Compare her response to that of Ontario’s Finance Minister when it comes to pimping extolling the virtues of building a casino in Toronto. “It [Toronto casino] will likely be unparalleled in the country,” Dwight Duncan said. “These places have some of the finest shopping, restaurants, convention facilities, park spaces, open spaces — imagine an anchor that could create a golden mile on Toronto’s waterfront and that’s quite possible.” You know, like all those other casinos in Ontario that have magically transformed their surroundings into veritable Disneylands of wonder and awe, enchanting destinations that draw in thrill seeking pilgrims the world over.

Evidence based decision making, indeed.

I get the ‘politics’ of it. In these days of austerity where governments are scrambling to find every penny, casinos are an easy sell. Cash pretty much straight into the coffers. Set up a video terminal somewhere. Print off a stack of scratch and sniff ticket. Ka-ching! You’re off to the (horse) races.

All the costs, and there are costs to widespread and easily accessible gambling, are mostly back end, hidden. A bankruptcy here, a nervous breakdown there. A child going to school hungry because dad’s blown a paycheque on the slots. Those numbers can be buried, swept under the rug, left for someone else to clean up.

It’s the exact opposite with safe injection sites. The money’s upfront, establishing a clinic, staffing it. Savings come later with cleaner needles, safer drug use, people weaned from their addiction and, fingers crossed, becoming more productive citizens. Indirect savings that are long term which, these days, is anathema to our politicians.

Besides, there’s the morality of it. We don’t approve of drug use. Safe injection sites condone that kind of behaviour. As if there’s any morality in leaving people to get sick or die of their own devices, to deny prevention of an accidental overdose or transmission of a communicable disease because it offends our sensibilities.

‘We’re not in the business of being drug pushers,’ Dewayne L. from Casinoville, ON writes to his local MPP.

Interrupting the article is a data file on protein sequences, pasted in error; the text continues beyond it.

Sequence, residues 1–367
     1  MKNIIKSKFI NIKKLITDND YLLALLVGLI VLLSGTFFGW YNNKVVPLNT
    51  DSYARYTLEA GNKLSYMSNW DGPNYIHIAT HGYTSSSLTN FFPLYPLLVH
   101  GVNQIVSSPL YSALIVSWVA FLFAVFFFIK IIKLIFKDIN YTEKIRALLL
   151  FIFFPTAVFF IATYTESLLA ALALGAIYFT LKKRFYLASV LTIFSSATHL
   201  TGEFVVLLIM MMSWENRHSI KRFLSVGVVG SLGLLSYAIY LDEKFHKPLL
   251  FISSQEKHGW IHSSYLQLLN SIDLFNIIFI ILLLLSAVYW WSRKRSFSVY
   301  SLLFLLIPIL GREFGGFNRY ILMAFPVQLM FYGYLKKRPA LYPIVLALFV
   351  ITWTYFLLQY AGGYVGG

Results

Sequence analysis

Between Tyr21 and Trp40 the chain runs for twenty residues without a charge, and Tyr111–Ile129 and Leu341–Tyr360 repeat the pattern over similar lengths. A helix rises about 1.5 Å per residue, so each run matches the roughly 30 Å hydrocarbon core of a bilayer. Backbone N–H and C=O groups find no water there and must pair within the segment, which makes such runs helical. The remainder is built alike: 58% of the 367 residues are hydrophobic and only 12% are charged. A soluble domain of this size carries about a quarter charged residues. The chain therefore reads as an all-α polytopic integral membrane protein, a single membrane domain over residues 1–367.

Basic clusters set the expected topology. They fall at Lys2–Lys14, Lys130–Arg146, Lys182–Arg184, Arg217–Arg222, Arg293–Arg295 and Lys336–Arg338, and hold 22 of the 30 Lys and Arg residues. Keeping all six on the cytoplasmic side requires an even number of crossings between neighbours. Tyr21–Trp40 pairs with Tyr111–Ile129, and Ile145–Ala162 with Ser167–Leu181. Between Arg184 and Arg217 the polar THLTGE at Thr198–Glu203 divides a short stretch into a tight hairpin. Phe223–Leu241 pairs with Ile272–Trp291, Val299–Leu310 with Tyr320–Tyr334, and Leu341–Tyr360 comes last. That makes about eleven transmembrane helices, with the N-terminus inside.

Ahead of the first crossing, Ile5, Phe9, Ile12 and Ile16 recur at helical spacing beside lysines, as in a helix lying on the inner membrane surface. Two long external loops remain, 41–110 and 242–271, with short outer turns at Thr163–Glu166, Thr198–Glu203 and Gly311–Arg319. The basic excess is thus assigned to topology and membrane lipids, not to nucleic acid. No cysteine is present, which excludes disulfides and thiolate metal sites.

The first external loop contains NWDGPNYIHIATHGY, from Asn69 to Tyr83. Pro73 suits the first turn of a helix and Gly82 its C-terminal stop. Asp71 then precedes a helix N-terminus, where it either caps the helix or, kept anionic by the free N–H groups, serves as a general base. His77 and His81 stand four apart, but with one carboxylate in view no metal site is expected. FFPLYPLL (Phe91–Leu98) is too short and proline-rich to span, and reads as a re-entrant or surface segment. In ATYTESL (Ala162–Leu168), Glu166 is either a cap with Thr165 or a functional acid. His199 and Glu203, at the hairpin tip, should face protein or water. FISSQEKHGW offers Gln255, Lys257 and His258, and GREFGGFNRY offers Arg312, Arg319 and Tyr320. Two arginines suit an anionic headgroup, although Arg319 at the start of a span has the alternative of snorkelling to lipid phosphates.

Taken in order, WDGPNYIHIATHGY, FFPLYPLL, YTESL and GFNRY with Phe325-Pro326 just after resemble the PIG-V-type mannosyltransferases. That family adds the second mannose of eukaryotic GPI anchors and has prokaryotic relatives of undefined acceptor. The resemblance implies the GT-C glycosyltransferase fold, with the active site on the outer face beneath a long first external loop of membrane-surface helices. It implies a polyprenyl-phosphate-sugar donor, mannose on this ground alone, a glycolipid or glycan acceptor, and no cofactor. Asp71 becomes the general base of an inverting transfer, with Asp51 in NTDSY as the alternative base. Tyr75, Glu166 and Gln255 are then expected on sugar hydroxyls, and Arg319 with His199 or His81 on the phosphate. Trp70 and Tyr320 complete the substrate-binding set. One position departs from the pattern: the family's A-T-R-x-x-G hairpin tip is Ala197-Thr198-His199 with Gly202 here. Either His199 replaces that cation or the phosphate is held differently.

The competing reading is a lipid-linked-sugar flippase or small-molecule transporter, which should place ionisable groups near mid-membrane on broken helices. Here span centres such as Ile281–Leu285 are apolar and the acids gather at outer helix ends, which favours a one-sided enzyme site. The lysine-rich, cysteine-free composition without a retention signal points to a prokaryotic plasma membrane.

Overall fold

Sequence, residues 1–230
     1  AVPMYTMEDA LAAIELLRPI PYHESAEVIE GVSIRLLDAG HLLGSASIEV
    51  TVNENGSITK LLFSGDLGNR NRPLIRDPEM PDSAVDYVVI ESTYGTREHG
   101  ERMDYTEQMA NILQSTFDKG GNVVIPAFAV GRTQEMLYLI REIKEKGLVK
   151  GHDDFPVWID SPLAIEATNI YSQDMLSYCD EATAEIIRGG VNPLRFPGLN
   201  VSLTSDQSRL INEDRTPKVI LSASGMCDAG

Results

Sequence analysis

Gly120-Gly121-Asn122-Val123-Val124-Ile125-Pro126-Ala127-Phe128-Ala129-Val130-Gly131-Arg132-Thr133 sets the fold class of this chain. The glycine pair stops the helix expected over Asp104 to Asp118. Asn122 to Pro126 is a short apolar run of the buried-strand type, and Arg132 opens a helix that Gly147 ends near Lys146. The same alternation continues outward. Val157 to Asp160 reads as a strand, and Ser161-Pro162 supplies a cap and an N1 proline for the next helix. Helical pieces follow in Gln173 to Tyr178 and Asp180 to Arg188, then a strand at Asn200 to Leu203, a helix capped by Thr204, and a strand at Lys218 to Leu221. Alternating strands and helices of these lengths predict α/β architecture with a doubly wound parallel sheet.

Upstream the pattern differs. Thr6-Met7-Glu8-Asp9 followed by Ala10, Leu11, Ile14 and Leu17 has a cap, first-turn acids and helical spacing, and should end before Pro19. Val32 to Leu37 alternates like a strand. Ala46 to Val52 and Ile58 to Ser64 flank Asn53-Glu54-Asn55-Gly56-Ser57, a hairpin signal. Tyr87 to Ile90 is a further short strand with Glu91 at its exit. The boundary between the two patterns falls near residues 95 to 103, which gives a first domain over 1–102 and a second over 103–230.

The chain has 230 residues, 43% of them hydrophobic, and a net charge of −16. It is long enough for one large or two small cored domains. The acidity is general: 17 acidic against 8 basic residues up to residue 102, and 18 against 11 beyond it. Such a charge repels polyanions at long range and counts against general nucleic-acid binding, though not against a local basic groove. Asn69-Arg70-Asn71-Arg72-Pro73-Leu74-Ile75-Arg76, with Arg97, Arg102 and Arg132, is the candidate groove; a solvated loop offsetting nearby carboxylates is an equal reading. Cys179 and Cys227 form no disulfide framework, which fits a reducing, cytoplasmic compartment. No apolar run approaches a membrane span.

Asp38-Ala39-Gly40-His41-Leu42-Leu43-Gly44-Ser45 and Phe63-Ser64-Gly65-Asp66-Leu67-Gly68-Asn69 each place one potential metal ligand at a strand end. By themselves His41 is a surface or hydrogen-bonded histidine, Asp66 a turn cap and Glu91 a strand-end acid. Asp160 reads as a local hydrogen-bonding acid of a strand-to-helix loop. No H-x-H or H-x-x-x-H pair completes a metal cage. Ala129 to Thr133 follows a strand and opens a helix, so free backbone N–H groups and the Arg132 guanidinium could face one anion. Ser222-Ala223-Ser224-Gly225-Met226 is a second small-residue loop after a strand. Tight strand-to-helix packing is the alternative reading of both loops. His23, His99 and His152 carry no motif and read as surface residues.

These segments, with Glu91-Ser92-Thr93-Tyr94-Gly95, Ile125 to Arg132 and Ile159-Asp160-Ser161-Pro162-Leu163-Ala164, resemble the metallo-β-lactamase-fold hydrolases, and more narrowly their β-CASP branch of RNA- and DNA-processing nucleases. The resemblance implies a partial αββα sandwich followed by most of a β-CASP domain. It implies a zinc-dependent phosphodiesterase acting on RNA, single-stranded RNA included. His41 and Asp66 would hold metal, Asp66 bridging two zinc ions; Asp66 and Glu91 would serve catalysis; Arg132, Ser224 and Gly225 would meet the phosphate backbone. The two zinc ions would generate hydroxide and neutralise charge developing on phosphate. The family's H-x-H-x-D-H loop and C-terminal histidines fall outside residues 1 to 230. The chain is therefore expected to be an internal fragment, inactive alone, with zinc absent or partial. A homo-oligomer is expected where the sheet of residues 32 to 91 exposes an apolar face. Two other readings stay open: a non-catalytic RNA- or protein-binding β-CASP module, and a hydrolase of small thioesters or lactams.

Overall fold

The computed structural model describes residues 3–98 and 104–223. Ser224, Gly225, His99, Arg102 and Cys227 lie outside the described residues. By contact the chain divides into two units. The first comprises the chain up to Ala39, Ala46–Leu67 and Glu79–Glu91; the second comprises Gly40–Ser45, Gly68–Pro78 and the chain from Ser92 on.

Yeah, we’d love to help here, do the right thing but it won’t go over well with our rural and small town voters. The government shouldn’t be in the business of pushing drugs. A gambling addiction? We’re just fine with that.

To govern is to lead, to make the best decisions possible using the best evidence available. Otherwise, you’re just pandering; playing to inherent and ill-informed preconceptions and illogical bias. That’s the exact opposite of good and responsible governance.

In a perfect world full of imperfect human behaviour, responsible governments would be wary of involvement with the gambling business. There’s no slam dunk evidence showing the pros of it outweigh the cons. Not so, safe injection sites. That one’s a no-brainer.

Unfortunately, our governments seem more concerned with making risk free decisions rather than the right ones.

indignantly submitted by Cityslikr


Letting Them Off The Hook

October 12, 2011

I’ve got no particular axe to grind with the Globe and Mail’s columnist Marcus Gee. His columns seldom either infuriate or excite me. He’s not the worst journalist covering the City Hall, not by any stretch of the imagination. At least, not until Sue-Ann Levy stops her doodled rants on the pages of the Toronto Sun. And takes Joe Warmington with her when she goes. Mr. Gee is much more palatable writing about this city than he was international affairs all those many years ago.

But he still doesn’t get it. Or, if he does, he adamantly refuses to accept the facts as they are. His stubbornness in viewing municipalities as mere after thoughts on the governance scale, last on the bus, last to exit, does us no favours. In fact, he may help entrench the view of cities as wayward children, naïve to the ways in which the world works.